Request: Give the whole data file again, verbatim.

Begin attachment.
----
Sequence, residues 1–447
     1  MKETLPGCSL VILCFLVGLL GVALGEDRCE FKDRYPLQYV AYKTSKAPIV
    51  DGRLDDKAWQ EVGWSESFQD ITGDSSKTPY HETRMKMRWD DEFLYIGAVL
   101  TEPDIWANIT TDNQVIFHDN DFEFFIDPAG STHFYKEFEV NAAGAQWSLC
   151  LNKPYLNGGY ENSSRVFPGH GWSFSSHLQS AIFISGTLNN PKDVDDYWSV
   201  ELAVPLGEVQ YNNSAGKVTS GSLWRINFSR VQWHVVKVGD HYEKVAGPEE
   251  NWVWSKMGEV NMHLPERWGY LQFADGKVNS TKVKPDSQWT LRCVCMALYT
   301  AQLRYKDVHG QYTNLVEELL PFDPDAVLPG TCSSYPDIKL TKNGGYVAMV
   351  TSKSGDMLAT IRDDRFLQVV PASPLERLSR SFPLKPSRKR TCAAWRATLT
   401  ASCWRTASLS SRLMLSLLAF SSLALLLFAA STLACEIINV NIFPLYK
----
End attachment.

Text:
Sequence, residues 1–447
     1  MKETLPGCSL VILCFLVGLL GVALGEDRCE FKDRYPLQYV AYKTSKAPIV
    51  DGRLDDKAWQ EVGWSESFQD ITGDSSKTPY HETRMKMRWD DEFLYIGAVL
   101  TEPDIWANIT TDNQVIFHDN DFEFFIDPAG STHFYKEFEV NAAGAQWSLC
   151  LNKPYLNGGY ENSSRVFPGH GWSFSSHLQS AIFISGTLNN PKDVDDYWSV
   201  ELAVPLGEVQ YNNSAGKVTS GSLWRINFSR VQWHVVKVGD HYEKVAGPEE
   251  NWVWSKMGEV NMHLPERWGY LQFADGKVNS TKVKPDSQWT LRCVCMALYT
   301  AQLRYKDVHG QYTNLVEELL PFDPDAVLPG TCSSYPDIKL TKNGGYVAMV
   351  TSKSGDMLAT IRDDRFLQVV PASPLERLSR SFPLKPSRKR TCAAWRATLT
   401  ASCWRTASLS SRLMLSLLAF SSLALLLFAA STLACEIINV NIFPLYK